Monthly Archives: November 2015  

Christmas Parties and Gifts- Can you claim?


Every year businesses want to reward employees and celebrate the end of another year, but how do you celebrate?

There are many factors that come into play in the consideration of treatment of various expenses.

Christmas Parties

For some early birds they may have held their Christmas party at the Spring Racing Carnival in a function room or marquee. Was this expense under the $300 GST Inclusive threshold per employee and their partner? If it was then it would be considered a minor benefit. A minor benefit is an exemption that applies for the Fringe Benefits Tax which is known as FBT, but it is common practice for this type of entertainment to not have the GST claimed and to not be a deductible expense.

Another common Christmas breakup is a BBQ, this is often held on the business premises, in this scenario all the food and soft drink expenses are considered a claimable deduction.


Some important aspects that you need to consider when planning a business christmas party are:

  • Are you having a party with alcohol at a restaurant?
  • Are you having food and alcohol at your premises?
  • How much are you going to spend per employee?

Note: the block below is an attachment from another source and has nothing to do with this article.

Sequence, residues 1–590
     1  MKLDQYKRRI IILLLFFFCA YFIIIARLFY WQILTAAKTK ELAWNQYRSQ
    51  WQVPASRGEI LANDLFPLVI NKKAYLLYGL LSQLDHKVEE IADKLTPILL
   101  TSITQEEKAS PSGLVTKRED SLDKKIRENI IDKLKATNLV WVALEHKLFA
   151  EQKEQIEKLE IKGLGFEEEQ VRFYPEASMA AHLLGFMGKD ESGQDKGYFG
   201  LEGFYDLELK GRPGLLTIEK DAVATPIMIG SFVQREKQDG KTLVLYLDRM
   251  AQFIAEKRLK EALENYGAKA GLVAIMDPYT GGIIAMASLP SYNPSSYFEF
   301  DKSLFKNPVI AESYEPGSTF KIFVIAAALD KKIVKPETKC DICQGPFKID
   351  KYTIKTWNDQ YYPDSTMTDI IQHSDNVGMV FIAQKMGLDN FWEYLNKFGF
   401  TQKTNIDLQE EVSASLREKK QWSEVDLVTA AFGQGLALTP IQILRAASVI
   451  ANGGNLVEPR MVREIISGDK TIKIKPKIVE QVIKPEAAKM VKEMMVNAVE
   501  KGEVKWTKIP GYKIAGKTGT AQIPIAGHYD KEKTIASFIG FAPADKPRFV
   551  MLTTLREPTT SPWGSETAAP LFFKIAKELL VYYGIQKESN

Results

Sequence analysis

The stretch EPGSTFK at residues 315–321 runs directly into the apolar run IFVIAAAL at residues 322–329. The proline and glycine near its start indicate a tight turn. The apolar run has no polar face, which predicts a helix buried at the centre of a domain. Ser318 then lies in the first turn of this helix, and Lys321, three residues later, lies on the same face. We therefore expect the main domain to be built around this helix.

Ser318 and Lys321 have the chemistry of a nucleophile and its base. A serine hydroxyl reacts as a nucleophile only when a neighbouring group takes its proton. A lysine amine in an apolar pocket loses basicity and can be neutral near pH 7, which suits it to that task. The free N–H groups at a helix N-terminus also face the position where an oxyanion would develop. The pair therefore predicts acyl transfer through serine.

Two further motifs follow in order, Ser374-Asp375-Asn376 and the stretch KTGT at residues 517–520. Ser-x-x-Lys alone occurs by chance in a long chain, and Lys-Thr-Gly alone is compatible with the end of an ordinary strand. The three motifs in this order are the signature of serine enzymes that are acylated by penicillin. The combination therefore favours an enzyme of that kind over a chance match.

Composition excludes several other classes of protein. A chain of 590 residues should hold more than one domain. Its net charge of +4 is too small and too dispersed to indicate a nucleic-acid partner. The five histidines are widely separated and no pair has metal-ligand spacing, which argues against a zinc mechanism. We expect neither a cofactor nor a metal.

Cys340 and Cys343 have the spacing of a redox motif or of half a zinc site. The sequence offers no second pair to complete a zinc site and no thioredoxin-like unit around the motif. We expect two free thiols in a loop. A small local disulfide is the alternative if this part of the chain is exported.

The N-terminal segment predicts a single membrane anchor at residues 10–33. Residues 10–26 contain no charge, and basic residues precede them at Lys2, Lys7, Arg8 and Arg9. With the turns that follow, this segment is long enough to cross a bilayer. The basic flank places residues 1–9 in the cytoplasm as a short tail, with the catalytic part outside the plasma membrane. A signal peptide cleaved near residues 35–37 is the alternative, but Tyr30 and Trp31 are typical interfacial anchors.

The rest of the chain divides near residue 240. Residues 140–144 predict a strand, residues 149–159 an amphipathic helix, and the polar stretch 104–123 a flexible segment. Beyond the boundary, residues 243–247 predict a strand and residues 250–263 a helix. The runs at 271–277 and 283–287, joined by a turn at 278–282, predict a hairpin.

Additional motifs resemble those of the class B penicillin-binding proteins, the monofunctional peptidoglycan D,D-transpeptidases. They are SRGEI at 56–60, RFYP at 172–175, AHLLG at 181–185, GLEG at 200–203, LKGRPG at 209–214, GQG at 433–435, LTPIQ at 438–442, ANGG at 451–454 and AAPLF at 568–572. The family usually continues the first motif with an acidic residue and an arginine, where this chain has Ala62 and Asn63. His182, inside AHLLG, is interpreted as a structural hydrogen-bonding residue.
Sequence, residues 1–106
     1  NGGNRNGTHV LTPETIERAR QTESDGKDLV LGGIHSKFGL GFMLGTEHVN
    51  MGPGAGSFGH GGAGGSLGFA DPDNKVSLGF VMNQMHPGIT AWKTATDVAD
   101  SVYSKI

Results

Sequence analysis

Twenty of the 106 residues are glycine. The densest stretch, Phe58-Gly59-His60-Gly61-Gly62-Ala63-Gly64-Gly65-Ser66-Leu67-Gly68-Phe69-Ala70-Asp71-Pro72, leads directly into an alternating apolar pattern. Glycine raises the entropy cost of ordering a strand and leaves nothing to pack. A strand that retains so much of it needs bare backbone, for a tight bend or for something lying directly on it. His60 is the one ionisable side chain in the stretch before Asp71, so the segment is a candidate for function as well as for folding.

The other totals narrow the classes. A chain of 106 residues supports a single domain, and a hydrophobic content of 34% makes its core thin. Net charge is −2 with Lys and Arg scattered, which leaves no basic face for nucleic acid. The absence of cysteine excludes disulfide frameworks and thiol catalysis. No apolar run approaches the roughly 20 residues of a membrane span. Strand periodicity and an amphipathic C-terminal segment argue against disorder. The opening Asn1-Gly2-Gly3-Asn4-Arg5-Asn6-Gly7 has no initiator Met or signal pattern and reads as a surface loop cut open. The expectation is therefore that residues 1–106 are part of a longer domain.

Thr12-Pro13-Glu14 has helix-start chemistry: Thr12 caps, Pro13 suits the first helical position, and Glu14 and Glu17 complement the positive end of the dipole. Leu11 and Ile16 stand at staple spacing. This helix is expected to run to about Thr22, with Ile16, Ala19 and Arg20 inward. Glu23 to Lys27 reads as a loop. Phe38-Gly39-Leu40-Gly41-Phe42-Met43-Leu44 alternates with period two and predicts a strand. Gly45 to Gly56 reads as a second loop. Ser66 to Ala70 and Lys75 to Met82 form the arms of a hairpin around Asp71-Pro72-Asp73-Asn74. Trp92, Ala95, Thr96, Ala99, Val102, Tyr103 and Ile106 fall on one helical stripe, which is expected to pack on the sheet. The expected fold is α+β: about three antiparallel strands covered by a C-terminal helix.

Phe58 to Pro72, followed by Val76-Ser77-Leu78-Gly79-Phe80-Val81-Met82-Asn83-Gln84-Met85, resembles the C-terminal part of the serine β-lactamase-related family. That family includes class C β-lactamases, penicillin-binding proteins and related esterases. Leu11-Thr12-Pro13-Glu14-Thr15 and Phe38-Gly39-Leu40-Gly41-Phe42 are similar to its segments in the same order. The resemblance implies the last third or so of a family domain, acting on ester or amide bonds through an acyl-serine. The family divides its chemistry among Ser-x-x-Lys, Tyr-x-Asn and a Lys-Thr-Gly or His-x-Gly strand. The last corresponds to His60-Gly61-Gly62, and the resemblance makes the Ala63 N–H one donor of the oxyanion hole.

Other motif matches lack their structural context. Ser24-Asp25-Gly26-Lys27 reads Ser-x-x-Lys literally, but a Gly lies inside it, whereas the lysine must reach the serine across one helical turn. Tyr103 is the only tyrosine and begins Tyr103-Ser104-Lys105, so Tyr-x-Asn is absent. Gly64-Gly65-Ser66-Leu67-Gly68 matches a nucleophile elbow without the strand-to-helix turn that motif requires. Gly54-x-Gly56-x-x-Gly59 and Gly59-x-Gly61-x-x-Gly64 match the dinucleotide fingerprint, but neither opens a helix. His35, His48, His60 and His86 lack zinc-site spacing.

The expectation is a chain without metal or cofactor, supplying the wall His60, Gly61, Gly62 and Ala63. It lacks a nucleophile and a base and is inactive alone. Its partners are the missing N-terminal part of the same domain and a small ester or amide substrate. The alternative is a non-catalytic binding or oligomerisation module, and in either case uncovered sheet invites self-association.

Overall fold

• Are there going to be suppliers and contractors at the party?

 These questions will help determine if an expense and GST is claimable or not.



Giving gifts to staff under $300 GST inclusive is a great option as the GST is claimable and the expense can be claimed. It is considered as a minor benefit and FBT is not applicable.

If you give tickets to the theatre, movies or a sporting event it is considered entertainment. It is also considered a minor benefit for FBT if under the threshold. The GST is not claimable and the expense cannot be claimed. On the other hand if the entertainment expense is over $300 GST inclusive per employee then the expense is subject to FBT, the GST can be claimed and it is considered a tax deduction.


Client gifts are fully claimable as an expense as well as GST claimable, but remember if the expense is considered an entertainment expense (eg. theatre tickets) it is not claimable.

Typical gifts that would not be considered an entertainment expense are a bottle of wine, hampers, flowers, perfumes and gift vouchers. A frequent error made by many is that they try to claim the GST on gift vouchers when there is no GST to claim.

The best thing you can do is give as much detail as you can when entering the expense in your accounting package so then your BAS Agent or accountant can help you.

At the end of the day if you are unsure about how to treat these expenses contact your advisor who can help you.

If you do not have an advisor and require some assistance please contact us to arrange a consultation.

*Please Note: The information contained in this blog is of a generic nature for small businesses in Australia and should not be used as a sole source of information. If you require specific advice please contact your advisor.

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